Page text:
Posted on Oct 8, 2015
Vendor Risk Management (VRM) is stuck in tradition, leaving it far behind when it comes to the security risks and challenges of today. While organizations are using using more vendors and exposing themselves to higher risk, they’re largely still using periodic onsite assessments, questionnaires, and point-in-time penetration tests to assess their vendor’s risk. While these methods are still useful, there have been new developments in vendor risk management technologies that can stand up to the modern challenges of vendor risk management. In this blog post, we’ll show you how new technologies can dramatically improve a VRM program.
Over 50% of professionals surveyed in the Ponemon’s Institute ‘Tone at the Top’ study on Third Party Risk Management believe that big data analytics and mobile devices will have significant impact on third party risk. And over 70% believe the same for the Internet of Things (IoT) and cloud computing. PWC’s 2016 Global State of Information Security Survey also noted that attacks have increased on mobile devices, embedded systems, consumer technologies, and operational systems.
With this increase in attack surface, device usage, and new areas of risk to keep track of, vendor risk management has a lot of room left for improvement. From the previously mentioned Ponemon Institute survey, only 29% of respondents have a formal program in place, only 21% would rate their ability to mitigate third party risk at a 7 or higher on a 10-point scale, and only 17% know what high value assets are in hands of third parties.
New technologies are being taken advantage of by hackers but vendor risk managers can also utilize technologies to their own benefit to engage in accurate and more reliable vendor risk management.
As more time passes, the board of directors and c-level executives will continue to see cybersecurity as an increasing priority and look to the VRM department for answers. PWC’s Global Economic Crime Survey of 2016 reports that 88% of CEOs are concerned about cybersecurity and 45% of boards are participating in the overall security strategy, a number that is increasing year over year. A Deloitte 2016 Study on Vendor Risk Management also noted that the finance and healthcare industry were the most likely to consistently and periodically feature third party risk on the Board Agenda.
The issues with common vendor risk management programs are clear. They aren’t very effective in mitigating risk, they don’t provide enough of the right kind of information, and stakeholders are expecting better results from these programs. But leveraging new technologies and tools is one of the major ways vendor risk managers can improve their program in a variety of ways.
There are a number of technologies aimed to improve a vendor risk program (including ours), and many come with a number of benefits including:
Many VRM technologies offer a variety of different data points that VRM teams can use to assess potential or incoming vendors. Depending on the data and metrics, KPIs and KRIs can be set in place for specific vendors, varied by how risk-critical vendors are and what specific services they are providing.
Having consistent standards in place for critical, high-risk, moderate-risk, and low-risk vendors becomes possible with new technologies being used for vendor risk management. This benefit pays off in the long run as any new vendors can be held to the same standards, allowing for a stronger standardized risk assessment process to take place.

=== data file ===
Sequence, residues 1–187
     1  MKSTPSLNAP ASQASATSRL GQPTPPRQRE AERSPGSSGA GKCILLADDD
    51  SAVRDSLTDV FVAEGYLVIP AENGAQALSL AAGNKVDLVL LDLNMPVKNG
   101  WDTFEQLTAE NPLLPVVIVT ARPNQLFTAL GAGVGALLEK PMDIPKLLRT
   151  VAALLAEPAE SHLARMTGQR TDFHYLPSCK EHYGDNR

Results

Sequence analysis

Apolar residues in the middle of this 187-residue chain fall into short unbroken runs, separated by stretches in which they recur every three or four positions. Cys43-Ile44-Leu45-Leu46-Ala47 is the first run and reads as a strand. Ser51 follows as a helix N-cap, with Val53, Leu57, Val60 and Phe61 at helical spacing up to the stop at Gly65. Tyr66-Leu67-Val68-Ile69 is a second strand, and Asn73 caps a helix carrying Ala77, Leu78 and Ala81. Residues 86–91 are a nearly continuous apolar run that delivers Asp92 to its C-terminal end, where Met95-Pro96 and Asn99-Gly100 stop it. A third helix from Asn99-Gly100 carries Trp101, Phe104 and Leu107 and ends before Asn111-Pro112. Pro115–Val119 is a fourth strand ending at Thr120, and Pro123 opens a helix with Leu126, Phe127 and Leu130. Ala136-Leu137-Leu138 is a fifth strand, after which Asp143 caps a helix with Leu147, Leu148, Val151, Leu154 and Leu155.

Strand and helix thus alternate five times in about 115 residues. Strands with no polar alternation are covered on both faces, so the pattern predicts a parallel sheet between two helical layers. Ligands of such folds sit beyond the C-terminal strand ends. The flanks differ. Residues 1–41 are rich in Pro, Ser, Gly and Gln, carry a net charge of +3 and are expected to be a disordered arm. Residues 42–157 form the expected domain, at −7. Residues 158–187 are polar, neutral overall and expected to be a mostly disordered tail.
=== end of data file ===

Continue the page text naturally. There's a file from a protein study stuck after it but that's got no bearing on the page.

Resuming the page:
Continuous security monitoring complementing regularly implemented assessment methods is becoming an increasing priority for most security standards, including the OCC. New technologies allow you to monitor and assess your most critical and high-risk vendors, allowing you to assess vendor security at any time and giving you more information should a vendor fall to a data breach.
While new technologies require an onboarding and training period for any new users, the automated processes technologies provide provide a huge time and potentially cost-saving benefit in the long run.
VRM teams also have the capability to engage in a ‘trust but verify’ security model, allowing you to validate the security posture reported by a vendor or a returned questionnaire. And if any high-risk issues pop up, you can validate efforts made by your vendor to know they’ve improved their security.
The efficiency and cost-saving benefits of using various tools and technologies allow VRM teams to further their vendor risk assessment reach. Security assessments won’t have to be limited to critical vendors only and stronger due diligence can take place when potential vendors come into a discussion. Other departments can also take advantage of these security assessments like supply chain managers and the M&A department.
CEOs and the board of directors interested in the performance and results of a VRM program can receive reports and metrics that can easily communicate how effective the VRM department is.
New technologies should not be ignored when it comes to improving vendor risk management. If you’re interested in the other ways technology is changing the way vendors are assess, register for our live webinar co-hosted with Forrester here.
Check out our list of 3 top third party risk management (TPRM) challenges, and the actions you can take to bolster your program. Learn more.
Performing cybersecurity risk assessments is a key part of any organization’s information security management program. Read our guide.
Templates and vendor evaluations are needed to level that playing field, in a time efficient and fair way, so that the best vendors are chosen.
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